Rest in peace, Wyatt Ammon.

9 comments:

4t said...

such inspired writing! a very real sadness.

Ginger Ammon said...

Thank you for writing about Wyatt. I'm so sorry about your sister. It's weird how it never seems to get easier, you just learn to live with a giant, gaping hole in your life.

I miss him so much. The more time that goes by, the more it seems words are less able to express how much I miss him.

Allison said...

Hi. I am Wyatt's little sister. I hardly ever get on these blogs but I happened to open my sister's for the first time today in a long time and she blogged about you. The post you wrote about my brother was amazing. Thank you soooo much! I wish everyone in the whole wide world could have gotten to know him, but seeing how he can still affect complete strangers after his death really goes to show how amazing he was.

Jeannie Ammon said...

Thank you for writing about my son, Wyatt. He would be so happy that he is still being found and known. I think he has a hand in it somehow. I am sorry for the sister you lost so young. Maybe Wyatt and Grace have met. Maybe they have orchestrated you finding his blog. It is all a mystery. I can say that your post was a gift to us this Christmas.

Rob Hoover said...

Thanks for the post. I fell much the same as you do, although I don't think I could have said it quite so eloquently. I have a friend that was in the same Peace Corps group as Wyatt. They had become friends and Brett had encourgaed others to check out Wyatt's blog. I always enjoyed reading Wyatt's blog. He had a great insight into the human spirit, was great at expressing himself and had a great sense of humor. I felt like I knew him even though I had never met him. I was deeply saddened to learn of his death and moved by the vast number of people that Wyatt had touched in his too short life. In any case I wanted to say thanks for the post. Also, I want to add that I am sorry about your sister.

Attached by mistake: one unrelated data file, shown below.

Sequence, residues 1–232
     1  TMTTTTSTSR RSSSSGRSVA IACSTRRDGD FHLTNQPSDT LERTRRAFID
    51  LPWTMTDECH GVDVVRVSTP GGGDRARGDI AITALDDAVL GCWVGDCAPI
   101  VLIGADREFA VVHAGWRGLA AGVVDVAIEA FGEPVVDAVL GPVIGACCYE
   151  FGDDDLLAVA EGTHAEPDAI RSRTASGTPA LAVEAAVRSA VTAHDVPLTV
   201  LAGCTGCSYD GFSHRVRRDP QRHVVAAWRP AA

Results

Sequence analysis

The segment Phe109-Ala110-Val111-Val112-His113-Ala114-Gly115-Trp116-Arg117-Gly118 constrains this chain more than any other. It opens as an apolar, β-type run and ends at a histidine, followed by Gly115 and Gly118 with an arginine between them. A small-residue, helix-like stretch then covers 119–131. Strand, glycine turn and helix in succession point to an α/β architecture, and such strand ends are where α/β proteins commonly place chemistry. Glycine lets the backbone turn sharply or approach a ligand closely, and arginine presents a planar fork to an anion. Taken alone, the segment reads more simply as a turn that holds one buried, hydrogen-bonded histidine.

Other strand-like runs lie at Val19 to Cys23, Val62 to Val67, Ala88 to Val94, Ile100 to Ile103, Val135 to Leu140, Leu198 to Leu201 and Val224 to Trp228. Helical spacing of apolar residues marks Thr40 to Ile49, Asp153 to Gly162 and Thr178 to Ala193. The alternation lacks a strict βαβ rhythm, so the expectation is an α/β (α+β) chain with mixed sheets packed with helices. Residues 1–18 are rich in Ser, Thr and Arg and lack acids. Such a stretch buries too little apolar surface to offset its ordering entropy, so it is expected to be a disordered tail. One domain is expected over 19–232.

Kyla Ammon said...

Wow. I am speechless. Thank you for writing this.

Bruno :-) said...

Dear Family and Friends of Wyatt:
Thank you for letting me share his story. Thank you also for visiting my blog and your comments. While you were blessed to have had Wyatt, he was also lucky to have been born into such a loving and closely-knit family. My very best wishes for the Christmas season and the coming new year. Tarcs

renee said...

Tarcs, I am in awe how we can be a source of hope, inspiration, love to complete strangers. I believe so that we are all here for a reason. We might not be able to change the world in big ways, but as long as we can make a difference in even just one person's life, that is enough reason for us to continue making a difference by offering hope rather than fear, faith rather than doubt, love rather than indifference.

Duke Dog Would said...

I wish I had read this sooner. I bumped into an old friend, someone who only knew Wyatt from my stories, and she told me about it. This is very refreshing, something old/new about my best friend. This is a good reference next time I introduce someone to Wyatt. People remember the time they met him, in person or by stories. I couldn't wait to introduce a new friend to him, and I still can't.